### How to Make a Waterfall Chart in Tableau

PreviewInstructor

Ryan Sleeper

### An engaging way to visualize a running total

By combining table calculations, Gantt marks, and editing calculations in the flow of your analysis, you can create an engaging chart type that illustrates the contribution of individual dimension members to a cumulative total.

Hi. This is Ryan with Playfair Data TV, and in this video, I’m going to explain to you how to build a waterfall chart. Waterfall charts are a really engaging way to show you how your individual dimension members are building up to a running total.

To show you this one, I’m going to start with the measure of Profit, and I’m going to break it up by the Sub-Category Dimension. You don’t have to sort this chart, but it’s similar to why you might want to sort a bar chart. It just gives you a little bit more precision. It helps you compare the performance of the individual dimension members when this is sorted.

So just like I typically sort a bar chart, I also typically sort a waterfall chart. So the next thing I’ll do is just sort these in descending order by clicking this button under the Window option in the top navigation.

There’s two kind of special things about a waterfall chart. They’re built with a table calculation and a special mark type called Gantt Bar. The first thing we’ll do is add a table calculation that computes the running total of profit. Table calculations are added to measures, and there is only one measure on the view right now, Profit.

So I’ll click into that one measure and see if I could find a hint in here about how to add a table calculation. There’s two things related to table calculations. I can add the table calculation manually, or if I hover over Quick Table Calculation, these are some commonly-used, preset table calculations that allow you to add this functionality without having to know how to set up a table calculation or write the calculation out.

And in fact, the very first one is the one that we need, Running Total. So I’ll click on that. You can now see instead of just showing the raw sales or raw profit amount per sub-category, we’re seeing a running total from left to right.

The next thing I’m going to do is change the mark type from Bar to Gantt Bar, which you can do by choosing this dropdown or clicking on this dropdown on the Marks Shelf. And I’ll choose Gantt Bar. For now, what this is doing is just putting a dash at the top of where each bar used to be.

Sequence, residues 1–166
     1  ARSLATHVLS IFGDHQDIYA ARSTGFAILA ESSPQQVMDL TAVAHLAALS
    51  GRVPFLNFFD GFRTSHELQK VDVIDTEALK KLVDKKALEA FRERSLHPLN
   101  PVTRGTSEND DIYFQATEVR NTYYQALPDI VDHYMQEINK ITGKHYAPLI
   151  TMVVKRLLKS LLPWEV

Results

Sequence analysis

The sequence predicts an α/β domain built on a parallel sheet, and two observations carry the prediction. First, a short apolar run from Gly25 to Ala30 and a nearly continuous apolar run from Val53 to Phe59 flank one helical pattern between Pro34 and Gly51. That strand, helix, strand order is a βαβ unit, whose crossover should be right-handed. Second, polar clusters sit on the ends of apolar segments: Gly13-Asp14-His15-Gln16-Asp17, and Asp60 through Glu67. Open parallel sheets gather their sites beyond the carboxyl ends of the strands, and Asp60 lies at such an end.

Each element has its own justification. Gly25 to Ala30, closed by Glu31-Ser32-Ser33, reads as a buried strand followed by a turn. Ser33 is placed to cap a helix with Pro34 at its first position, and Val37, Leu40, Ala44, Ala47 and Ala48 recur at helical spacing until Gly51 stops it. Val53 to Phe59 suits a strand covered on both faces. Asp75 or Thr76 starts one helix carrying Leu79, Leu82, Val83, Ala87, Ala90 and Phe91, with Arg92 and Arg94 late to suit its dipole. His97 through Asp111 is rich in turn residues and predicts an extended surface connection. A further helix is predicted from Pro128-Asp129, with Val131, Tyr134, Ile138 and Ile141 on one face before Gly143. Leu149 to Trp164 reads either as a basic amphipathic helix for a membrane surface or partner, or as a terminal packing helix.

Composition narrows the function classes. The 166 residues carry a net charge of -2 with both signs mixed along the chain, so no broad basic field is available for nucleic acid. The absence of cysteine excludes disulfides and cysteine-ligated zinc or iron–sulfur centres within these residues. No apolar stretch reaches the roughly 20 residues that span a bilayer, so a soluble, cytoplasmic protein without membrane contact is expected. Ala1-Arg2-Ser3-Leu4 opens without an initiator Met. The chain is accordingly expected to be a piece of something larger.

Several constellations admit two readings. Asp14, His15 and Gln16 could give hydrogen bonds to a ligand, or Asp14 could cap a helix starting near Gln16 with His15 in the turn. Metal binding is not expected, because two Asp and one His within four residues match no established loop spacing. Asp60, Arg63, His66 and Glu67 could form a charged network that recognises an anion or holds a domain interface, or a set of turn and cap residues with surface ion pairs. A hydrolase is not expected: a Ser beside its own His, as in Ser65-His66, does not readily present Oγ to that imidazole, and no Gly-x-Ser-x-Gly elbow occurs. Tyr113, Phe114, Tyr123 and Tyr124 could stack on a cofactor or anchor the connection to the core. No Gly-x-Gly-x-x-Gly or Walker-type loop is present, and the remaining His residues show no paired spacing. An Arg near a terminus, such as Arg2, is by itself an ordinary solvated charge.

Gantt bars need to be sized by something in order to get them to work. Instead of just showing a dash, we need to size these Gantt marks by something so that they expand vertically. I’m going to size those Gantt bars by the Profit measure by left clicking Profit and dragging it to the Size Marks Card.

You’ll now start to see these blocks come together. Some people call this a Mario Chart because of the old video game where you jump and hit the blocks. So we can see those blocks coming together, but they’re not quite right. They’re not quite lined up.

What’s happening is the bottom of each of the blocks was the top of where the bars used to be, and when we sized these blocks by the Profit measure, they expanded vertically. But they don’t necessarily line up where they should be like you would expect to see with a waterfall chart.

The trick to getting this to work is, we need the size of those profit values to be going the other direction. We need those to go down. That would make all these blocks line up. In order to make those bars go down, one way to do that is to multiply those profit values by negative 1. That would make each profit value negative and the bar would point down instead of up.

I could set up a calculated field minus 1 times profit. I could also write in a slightly more elegant way by just saying negative sign profit. That would be the same thing as minus 1 times profit. But the best possible way to do it is just to modify that calculation in the flow of our analysis, which you can do by just double clicking on that Profit measure. I always say this gives you an X-ray vision into that measure, and I’ll just navigate to the beginning of that measure and add a negative sign.

So I actually just made a calculated field right there, but I didn’t have to get out of the flow of my analysis. I just double clicked on the Profit measure that was determining the size of the marks, and I added a negative sign at the beginning, which is the same thing as saying minus 1 times SUM of Profit.

Click the Enter key, and now you can see that the bars are going down, and it’s making them all line up.

So that’s essentially it for a waterfall chart. You could stop there, but just give you a couple more ways to clean this up a little bit that are optional, I could also color those marks by Profit. I’ll put Profit on color. And this one I don’t want to multiply by negative 1. This is already doing what I want it to do. The higher the profit, the darker the blue; the lower the profit, the darker the orange. So I’ll call that good.

And then on the Analytics pane, another option for you is you could drag the totals onto the view if you wanted to see where you ended up across all– in this case, 17 sub-categories.

This has been Ryan with Playfair Data TV – thanks for watching!

Related video: An Introduction to the Tableau Marks Shelf / Marks Cards

Related video: An Introduction to Sorting in Tableau

Related blog post: How to Make a Dual-Axis Waterfall Chart in Tableau

Related chapter: *Practical Tableau* – Chapter 37 – How to Make a Waterfall Chart

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